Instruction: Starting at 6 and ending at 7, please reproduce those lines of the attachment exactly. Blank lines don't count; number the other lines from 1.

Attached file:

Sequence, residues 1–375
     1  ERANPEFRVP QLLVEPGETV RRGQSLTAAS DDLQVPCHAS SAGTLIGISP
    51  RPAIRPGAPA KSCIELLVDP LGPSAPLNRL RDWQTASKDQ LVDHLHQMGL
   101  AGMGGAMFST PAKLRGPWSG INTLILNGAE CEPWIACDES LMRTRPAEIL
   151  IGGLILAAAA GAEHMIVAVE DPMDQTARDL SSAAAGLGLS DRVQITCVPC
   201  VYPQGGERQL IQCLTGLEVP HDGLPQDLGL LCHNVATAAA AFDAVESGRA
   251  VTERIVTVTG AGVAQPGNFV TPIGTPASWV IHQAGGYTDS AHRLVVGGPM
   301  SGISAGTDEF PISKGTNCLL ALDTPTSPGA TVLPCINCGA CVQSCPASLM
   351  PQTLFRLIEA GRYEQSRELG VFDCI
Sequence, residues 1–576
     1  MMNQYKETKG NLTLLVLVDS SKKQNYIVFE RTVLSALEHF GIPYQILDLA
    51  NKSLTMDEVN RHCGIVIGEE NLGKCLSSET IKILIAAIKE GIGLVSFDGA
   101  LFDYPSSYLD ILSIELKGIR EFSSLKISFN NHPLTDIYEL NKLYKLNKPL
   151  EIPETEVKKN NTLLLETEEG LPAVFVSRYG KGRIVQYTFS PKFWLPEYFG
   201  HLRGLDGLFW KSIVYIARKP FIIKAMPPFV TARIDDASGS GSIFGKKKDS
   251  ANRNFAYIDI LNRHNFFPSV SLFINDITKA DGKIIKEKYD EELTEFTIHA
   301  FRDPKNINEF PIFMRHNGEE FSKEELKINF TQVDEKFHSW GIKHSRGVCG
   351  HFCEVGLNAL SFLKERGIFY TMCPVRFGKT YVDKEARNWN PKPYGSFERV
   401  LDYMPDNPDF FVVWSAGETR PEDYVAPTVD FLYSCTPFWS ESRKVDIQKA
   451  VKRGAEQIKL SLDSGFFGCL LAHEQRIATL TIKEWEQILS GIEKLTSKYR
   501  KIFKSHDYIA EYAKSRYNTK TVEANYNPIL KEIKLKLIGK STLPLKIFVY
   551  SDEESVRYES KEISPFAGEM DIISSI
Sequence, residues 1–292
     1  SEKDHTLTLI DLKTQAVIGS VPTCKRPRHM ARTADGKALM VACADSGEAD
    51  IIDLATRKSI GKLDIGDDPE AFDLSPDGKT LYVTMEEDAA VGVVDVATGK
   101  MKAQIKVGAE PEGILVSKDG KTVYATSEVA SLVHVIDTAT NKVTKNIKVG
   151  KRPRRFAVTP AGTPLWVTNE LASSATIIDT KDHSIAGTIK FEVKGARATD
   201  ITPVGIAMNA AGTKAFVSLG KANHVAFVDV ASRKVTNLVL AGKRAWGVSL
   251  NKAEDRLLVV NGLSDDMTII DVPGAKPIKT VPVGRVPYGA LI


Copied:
   201  VYPQGGERQL IQCLTGLEVP HDGLPQDLGL LCHNVATAAA AFDAVESGRA
   251  VTERIVTVTG AGVAQPGNFV TPIGTPASWV IHQAGGYTDS AHRLVVGGPM